Keep all your medicine information sheets for your child and file them together in a folder. They list the possible side-effects of your child's medicines.

Keep the treatment protocol for your child and file this together with your child's medicine information sheets and any other printouts about your child's treatments.

How is chemotherapy given?

The most common methods of giving chemotherapy medicines are intravenously (into the blood stream) and orally (by mouth). They can also be given intramuscularly (by injection into a muscle), subcutaneously (by injection under the skin) and intrathecally (by injection into the fluid surrounding the spinal cord).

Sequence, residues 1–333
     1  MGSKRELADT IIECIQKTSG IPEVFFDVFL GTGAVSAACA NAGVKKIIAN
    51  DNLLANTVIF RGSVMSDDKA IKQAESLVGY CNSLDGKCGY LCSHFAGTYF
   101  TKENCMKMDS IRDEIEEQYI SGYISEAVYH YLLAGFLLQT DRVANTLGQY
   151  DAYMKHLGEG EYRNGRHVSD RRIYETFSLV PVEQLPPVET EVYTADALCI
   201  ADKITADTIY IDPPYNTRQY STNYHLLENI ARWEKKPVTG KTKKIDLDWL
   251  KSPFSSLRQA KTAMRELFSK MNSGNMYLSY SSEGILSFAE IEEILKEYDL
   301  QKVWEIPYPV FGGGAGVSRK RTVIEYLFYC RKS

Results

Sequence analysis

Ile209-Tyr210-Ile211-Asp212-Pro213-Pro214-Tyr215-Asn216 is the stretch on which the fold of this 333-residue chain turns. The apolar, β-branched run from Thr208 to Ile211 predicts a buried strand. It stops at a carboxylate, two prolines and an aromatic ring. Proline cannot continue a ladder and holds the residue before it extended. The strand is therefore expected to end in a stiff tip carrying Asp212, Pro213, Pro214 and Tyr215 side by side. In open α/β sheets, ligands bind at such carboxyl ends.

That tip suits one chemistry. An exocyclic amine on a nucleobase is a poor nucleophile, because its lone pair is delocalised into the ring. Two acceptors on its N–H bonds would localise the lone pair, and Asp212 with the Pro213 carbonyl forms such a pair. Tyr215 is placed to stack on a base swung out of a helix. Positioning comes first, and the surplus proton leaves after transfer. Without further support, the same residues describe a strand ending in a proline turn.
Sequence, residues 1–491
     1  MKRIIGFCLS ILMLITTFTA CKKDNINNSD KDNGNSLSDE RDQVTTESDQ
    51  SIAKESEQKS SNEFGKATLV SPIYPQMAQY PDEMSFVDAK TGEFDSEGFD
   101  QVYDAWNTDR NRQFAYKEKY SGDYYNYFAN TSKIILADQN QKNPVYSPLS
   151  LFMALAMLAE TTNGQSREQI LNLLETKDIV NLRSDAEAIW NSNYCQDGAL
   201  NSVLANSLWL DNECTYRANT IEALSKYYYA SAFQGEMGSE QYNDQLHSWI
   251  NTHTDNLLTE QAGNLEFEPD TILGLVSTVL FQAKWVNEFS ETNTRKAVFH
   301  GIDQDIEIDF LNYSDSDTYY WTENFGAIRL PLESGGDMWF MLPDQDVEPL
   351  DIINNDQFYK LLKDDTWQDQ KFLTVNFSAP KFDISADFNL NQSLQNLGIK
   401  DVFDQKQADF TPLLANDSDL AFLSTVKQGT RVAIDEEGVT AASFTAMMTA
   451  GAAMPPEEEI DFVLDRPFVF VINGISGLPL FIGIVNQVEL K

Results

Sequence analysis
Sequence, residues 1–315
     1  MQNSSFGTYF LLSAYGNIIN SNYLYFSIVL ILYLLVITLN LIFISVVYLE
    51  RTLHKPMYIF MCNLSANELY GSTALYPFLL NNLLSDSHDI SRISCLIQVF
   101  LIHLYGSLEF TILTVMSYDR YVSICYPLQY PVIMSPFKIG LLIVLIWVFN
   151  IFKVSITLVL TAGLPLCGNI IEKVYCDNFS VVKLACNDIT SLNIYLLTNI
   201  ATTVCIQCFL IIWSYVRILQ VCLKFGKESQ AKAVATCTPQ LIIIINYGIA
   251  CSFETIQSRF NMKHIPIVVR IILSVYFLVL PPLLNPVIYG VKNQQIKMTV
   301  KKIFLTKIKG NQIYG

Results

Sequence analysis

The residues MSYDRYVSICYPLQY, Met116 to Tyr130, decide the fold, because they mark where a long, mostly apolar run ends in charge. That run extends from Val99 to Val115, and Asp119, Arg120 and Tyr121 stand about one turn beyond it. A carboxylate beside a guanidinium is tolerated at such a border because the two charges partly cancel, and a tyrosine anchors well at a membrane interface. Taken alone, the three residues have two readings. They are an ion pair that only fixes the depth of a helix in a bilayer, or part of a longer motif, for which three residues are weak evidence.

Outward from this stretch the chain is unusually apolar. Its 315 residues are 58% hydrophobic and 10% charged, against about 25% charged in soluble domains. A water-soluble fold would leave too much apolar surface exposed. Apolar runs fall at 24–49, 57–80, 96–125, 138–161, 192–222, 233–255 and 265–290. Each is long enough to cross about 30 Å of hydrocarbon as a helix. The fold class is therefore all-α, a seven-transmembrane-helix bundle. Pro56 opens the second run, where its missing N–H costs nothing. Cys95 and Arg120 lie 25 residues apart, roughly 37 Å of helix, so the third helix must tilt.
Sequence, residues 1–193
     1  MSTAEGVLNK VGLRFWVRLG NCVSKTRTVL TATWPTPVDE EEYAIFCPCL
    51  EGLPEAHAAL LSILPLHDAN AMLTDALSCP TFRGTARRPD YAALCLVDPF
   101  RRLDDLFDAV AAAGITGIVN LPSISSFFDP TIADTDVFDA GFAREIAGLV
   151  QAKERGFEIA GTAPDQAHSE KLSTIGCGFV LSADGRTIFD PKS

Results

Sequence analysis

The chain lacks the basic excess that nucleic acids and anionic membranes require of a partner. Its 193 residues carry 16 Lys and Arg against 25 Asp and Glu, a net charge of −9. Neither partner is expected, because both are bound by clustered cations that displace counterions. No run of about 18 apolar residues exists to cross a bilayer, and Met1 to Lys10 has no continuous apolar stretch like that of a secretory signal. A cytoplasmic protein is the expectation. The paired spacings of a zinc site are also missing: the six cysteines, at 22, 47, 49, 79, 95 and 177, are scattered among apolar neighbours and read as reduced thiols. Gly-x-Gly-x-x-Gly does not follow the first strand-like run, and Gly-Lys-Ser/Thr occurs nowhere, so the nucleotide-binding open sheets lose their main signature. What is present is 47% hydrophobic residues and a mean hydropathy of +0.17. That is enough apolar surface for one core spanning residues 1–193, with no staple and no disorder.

Chemotherapy is administered according to the treatment protocol. Most chemotherapy is given in cycles where there is a course of treatment followed by a recovery period. The recovery period of two to three weeks allows the body to recover from the side effects of the medicines.

Will chemotherapy hurt?

Oral chemotherapy is just like taking any other medicine by mouth. It does not hurt but if your child does not like medicines the nurse or hospital play specialist will give you some hints to help make it easier them.

Intramuscular injections may sting as the needle goes into the skin and the medicine is injected.

Subcutaneous injections can be given after applying an anaesthetic cream to your child's skin beforehand, to make the area feel numb. Your child's nurse will put the cream on or show you how to do it.